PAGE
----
The Thinking Milwaukeean’s Monster Moderator
In Milwaukee in early 1958, WITI-TV had invested in what many local affiliates had gotten in on—packages of films from movie studios that they would be allowed to play to enjoy the ratings that these films were getting in other cities around the country.
These packages were sent to affiliates with information and suggestions on how to promote and program around the movies and with certain packages came ideas to stir up the audiences and pull in viewers. Among the suggestions was the idea that a charismatic host would help.
Now WITI’s program director happened to see a play in which local actor Bob Hersh was appearing in “The Desperate Hours”. In Hersh, the director saw the host he wanted for his shows.
Hersh wasn’t interested at first, seeing the role as uninteresting. But eventually, and after some back and forth, they settled on a character named “The Advisor”, who would give advice to the audience based on current events, the movie show, and more. It was a take-off on the role a Family Councelor/ Pre-Need Funeral Planner would play.
He didn’t want to merely copy the ideas of others, and so he didn’t use a macabre set and he didn’t hide behind ghoulish make-up. So, while the show opened with him in a standing coffin, and the camera panned in for a creepy close up, the rest of the show was decidely less dramatic.
He would usually be sitting at a desk, with a sign that read “The Advisor” while he played his part. The unusual addition to this scene was a monkey named “Sancho” who sat on his shoulder and sometimes roamed around.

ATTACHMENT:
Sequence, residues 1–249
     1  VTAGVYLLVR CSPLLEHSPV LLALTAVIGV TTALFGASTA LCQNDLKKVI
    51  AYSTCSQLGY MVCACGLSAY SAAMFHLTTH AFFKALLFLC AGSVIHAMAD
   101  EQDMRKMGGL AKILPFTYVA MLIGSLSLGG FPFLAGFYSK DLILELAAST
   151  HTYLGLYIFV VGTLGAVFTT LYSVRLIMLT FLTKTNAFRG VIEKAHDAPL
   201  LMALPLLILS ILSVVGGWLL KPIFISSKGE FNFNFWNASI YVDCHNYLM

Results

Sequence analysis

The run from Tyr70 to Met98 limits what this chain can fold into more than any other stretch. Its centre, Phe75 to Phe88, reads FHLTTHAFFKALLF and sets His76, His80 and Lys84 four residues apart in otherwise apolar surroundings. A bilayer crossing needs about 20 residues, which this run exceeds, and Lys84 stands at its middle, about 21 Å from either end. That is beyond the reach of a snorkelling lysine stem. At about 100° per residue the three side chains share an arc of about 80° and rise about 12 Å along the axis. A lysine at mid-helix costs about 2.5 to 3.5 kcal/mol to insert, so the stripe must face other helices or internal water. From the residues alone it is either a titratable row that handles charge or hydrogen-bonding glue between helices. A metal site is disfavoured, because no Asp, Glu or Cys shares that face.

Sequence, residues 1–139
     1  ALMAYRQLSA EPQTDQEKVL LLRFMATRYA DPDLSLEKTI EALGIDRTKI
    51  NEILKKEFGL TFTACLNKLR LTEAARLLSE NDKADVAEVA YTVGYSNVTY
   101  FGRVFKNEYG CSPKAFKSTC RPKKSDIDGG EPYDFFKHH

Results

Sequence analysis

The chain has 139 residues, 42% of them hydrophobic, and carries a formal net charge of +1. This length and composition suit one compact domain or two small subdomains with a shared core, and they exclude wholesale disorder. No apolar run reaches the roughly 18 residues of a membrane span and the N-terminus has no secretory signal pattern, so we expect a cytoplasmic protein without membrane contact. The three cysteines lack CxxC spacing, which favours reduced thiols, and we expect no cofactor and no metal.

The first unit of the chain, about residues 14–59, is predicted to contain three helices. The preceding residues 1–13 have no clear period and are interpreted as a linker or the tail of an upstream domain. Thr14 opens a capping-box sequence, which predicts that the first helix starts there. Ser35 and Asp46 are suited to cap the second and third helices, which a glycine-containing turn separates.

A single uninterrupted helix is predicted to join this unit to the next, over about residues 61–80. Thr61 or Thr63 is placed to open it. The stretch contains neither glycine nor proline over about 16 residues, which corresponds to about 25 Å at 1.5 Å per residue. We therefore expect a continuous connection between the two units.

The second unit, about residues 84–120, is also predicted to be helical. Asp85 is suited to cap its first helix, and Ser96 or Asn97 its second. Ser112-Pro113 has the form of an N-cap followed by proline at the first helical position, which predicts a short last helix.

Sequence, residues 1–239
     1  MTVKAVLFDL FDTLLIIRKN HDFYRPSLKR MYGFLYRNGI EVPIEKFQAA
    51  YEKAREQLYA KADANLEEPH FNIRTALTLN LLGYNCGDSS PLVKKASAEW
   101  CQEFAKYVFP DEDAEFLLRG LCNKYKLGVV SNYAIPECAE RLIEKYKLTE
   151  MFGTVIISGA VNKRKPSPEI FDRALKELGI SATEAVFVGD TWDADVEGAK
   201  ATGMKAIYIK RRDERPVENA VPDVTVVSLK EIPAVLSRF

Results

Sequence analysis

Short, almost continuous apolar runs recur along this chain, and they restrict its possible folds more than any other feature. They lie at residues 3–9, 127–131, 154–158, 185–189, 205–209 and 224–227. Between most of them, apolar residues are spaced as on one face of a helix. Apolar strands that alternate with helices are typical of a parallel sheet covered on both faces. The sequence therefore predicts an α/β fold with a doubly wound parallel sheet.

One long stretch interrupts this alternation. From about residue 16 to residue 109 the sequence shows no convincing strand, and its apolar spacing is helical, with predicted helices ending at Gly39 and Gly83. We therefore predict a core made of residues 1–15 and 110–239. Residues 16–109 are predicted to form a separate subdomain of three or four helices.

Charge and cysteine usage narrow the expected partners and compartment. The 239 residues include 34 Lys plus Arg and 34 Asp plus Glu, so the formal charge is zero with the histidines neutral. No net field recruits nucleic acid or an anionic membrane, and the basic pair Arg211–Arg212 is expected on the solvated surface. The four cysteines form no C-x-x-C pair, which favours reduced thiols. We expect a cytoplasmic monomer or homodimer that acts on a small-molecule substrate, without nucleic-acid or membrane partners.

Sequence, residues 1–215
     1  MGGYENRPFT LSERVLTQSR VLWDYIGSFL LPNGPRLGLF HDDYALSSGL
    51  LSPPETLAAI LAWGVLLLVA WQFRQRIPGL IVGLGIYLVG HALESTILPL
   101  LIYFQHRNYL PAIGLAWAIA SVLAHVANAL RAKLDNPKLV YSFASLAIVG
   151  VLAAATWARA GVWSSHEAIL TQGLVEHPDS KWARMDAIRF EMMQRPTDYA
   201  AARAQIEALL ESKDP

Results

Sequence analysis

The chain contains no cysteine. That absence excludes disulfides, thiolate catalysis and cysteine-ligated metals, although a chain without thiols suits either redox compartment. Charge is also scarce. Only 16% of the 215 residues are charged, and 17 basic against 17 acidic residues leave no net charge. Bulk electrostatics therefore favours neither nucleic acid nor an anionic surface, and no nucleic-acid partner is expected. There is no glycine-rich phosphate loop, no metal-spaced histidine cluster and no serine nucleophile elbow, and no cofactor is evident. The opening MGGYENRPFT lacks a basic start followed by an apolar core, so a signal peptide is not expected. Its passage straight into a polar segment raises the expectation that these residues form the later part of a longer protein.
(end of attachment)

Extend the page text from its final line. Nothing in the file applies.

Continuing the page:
The title of the show was “Shock” (the same name as the package of films “Son of Shock” was the second package, seriously) and it was on Friday nights at 11:30 pm. “Double Shock” ran in prime-time at 9:30 pm Saturday nights. The shows made Hersh extremely popular and WITI recieved tons of letters each week asking for membership cards for its horror club.
The next year, when WITI affiliated with CBS, the shows ended and “The Advisor” stopped advising in March of 1959.
WXIX went back on the air in July of 1959 it was as an independent station and so Larry Turet, who was the program director at WITI, asked Bob to return in the role of “The Advisor” to host mystery films on Friday and Saturday nights. “The Advisor’s Mystery Theater” was broadcast using a single fixed camera in a 10’ X 12’ studio atop the Schroeder Hotel in downtown Milwaukee.
Tom Snyder (who would go on to host the “Tomorrow” show and later, “The Late Late Show”) was a young and out of work broadcaster who knew Hersh and ended up working for the show. He wrote a number of scripts for it.
Hersh left the program in January of 1960 and never hosted again. He went on to become a lawyer, getting his degree from Marquette, and having a practice near Milwaukee since 1964 before passing away in April of 2006.
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